“I depend on cohos that need old-growth timber and unimpeded access (to rivers and streams),” Jordan told the Empire Thursday. “I make a living on commercial fishing. I live on subsistence, I hunt and fish to survive.”

Jordan said that he might support the third Alternative, which would open up some timber lands but provide protections for key watersheds. But he said he doesn’t trust the leadership of Dunleavy or Trump.

“The top-down, arbitrary position they taken over all the other people involved in the Tongass is just wrong,” Jordan said.

Last Thursday, the Borough Assembly of Skagway passed a resolution opposing Alternative 6 and endorsing Alternative 1. Skagway’s economy is highly dependent on tourism, the resolution says, citing that industry as the town’s main economic driver.

“Tourism in Skagway, the Inside Passage, and the broader region of Southeast Alaska is dependent on maintaining pristine, wild landscapes of the surrounding coastal temperate rainforest and the iconic wildlife it supports,” the resolution says.

[Roadless Rollback? Dunleavy and Trump eye Tongass National Forest.]

Those who support lifting the Roadless Rule say it’s needlessly burdensome, and that there are still numerous protections already in place for the Tongass.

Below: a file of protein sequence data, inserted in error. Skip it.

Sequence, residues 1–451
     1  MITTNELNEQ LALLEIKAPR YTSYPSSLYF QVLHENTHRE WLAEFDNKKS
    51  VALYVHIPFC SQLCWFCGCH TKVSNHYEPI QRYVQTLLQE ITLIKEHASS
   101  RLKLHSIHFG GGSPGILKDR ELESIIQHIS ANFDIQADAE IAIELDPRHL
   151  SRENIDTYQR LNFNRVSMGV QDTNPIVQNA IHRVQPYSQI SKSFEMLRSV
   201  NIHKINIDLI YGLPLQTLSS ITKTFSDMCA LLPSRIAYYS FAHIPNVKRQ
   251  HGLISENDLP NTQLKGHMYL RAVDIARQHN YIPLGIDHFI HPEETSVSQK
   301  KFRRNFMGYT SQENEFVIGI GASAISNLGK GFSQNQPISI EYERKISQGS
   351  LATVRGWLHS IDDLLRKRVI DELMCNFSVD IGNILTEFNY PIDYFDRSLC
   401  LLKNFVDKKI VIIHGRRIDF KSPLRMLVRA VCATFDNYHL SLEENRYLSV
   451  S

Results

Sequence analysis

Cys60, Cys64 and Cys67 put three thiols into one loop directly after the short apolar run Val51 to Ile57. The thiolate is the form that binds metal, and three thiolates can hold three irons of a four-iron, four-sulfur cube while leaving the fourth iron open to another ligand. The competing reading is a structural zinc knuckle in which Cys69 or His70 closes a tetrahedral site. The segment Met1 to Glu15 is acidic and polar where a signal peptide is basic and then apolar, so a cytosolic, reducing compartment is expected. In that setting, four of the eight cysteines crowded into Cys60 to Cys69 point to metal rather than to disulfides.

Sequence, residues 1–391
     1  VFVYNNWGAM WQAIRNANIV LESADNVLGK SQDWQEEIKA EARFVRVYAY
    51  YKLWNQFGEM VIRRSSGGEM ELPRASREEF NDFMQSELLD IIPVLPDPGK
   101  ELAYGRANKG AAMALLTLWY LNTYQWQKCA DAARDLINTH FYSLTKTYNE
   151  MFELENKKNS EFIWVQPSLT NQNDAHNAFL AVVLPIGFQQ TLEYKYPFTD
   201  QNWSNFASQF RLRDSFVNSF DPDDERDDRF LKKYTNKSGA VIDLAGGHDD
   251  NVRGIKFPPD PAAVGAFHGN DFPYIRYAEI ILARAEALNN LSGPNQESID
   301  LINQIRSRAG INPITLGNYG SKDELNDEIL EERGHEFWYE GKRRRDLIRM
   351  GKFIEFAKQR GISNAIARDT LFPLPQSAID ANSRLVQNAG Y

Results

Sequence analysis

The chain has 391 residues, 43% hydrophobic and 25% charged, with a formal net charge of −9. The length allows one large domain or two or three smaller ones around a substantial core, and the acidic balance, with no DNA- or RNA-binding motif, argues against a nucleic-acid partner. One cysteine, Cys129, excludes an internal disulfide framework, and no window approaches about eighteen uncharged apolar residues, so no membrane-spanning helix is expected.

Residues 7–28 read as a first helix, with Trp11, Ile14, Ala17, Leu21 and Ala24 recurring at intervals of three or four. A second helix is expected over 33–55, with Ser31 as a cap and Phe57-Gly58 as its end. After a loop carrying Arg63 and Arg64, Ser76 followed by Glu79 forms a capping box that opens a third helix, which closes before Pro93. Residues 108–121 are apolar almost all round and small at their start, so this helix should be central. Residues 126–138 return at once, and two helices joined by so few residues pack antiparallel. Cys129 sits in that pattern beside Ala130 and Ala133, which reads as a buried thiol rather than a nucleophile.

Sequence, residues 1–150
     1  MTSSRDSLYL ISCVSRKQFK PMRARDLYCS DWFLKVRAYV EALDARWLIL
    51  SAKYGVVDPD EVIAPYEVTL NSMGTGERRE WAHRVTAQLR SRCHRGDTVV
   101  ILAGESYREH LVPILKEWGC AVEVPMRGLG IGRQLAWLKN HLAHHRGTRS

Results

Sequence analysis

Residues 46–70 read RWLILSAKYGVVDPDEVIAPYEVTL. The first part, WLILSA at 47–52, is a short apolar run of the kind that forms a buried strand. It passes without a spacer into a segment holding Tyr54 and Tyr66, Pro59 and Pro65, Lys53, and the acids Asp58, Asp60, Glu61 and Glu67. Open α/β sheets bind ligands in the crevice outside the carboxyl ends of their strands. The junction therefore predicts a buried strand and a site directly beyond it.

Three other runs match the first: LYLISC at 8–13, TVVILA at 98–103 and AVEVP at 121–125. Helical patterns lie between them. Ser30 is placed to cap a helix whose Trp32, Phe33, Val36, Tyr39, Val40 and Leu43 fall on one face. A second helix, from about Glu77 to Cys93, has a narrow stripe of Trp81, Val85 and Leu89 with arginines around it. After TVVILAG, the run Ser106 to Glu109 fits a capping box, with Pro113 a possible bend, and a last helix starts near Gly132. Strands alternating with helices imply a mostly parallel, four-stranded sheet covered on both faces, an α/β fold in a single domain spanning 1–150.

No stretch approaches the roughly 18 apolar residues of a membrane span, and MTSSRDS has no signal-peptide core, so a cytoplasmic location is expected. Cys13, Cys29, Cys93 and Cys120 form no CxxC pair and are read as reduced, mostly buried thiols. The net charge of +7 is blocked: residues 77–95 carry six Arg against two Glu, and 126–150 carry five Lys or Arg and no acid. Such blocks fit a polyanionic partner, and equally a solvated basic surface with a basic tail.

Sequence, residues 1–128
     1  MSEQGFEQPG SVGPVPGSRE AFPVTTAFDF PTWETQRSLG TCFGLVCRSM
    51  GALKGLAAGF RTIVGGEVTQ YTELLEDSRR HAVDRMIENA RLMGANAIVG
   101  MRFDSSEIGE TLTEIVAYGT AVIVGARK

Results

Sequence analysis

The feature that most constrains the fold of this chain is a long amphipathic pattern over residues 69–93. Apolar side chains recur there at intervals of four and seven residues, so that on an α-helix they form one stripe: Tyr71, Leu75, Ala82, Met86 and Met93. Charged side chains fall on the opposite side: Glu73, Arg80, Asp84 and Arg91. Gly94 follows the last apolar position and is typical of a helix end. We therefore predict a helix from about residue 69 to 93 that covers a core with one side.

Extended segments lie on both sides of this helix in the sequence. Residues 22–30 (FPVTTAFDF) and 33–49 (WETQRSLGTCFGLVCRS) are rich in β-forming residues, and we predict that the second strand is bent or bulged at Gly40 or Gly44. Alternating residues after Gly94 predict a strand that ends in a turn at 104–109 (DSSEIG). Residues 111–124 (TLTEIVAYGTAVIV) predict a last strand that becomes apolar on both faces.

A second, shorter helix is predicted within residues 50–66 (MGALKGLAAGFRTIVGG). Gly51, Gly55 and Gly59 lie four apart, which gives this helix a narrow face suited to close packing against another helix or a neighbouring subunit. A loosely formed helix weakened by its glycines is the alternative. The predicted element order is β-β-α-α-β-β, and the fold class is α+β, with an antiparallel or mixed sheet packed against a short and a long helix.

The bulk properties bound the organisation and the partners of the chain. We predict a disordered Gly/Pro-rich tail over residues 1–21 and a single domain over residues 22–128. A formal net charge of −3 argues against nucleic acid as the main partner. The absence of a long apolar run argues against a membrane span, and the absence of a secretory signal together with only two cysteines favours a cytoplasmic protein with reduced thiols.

Owen Graham is executive director of the Alaska Forest Association, a logging industry group.

“The Forest Service pretty much has monopoly power over the land in Southeast Alaska,” Graham said. “We need access to that land for resource development.”

Graham said the exemption to the Roadless Rule would not affect the Forest Service’s 2016 Forest Management Plan which provides a number of protections to the forest.

The Forest Service must create and occasionally revise land and resources management plans for national forests, according to the National Forest Management Act of 1976. The Tongass’ 2016 plan says timber harvest is prohibited on inventoried roadless areas.

“Removing the Roadless Rule will not affect the (2016) plan,” Graham said. “What it does is allow the Forest Service to make a plan to include Tongass.” That process would take several years and be subject to public comment and environmental review.

“Before authorizing a land-use activity, the Forest Service must complete a site specific environmental analysis, pursuant to the National Environmental Policy Act (NEPA) and its implementing regulations,” the Regulatory Impact Statement for the Roadless Rule alternatives says.

Graham, like those supporting the Roadless Rule and its protections, says people’s economic livelihoods are at stake. He was referring to the Viking Lumber sawmill on Prince of Wales Island. The Viking mill is not Southeast Alaska’s last mill, but it is the last of any considerable size.

“We’re getting pretty desperate,” Graham said. “We don’t want to lose our last sawmill. All those people that work out there, they’re going to have to leave Alaska. There’s no other opportunity out there.”

Weigh in

Public comment on the DEIS for the Alaska-specific Roadless Rule exemption will be accepted until Dec. 17 and can be made to the Forest Service website.


• Contact reporter Peter Segall at 523-2228 or psegall@juneauempire.com.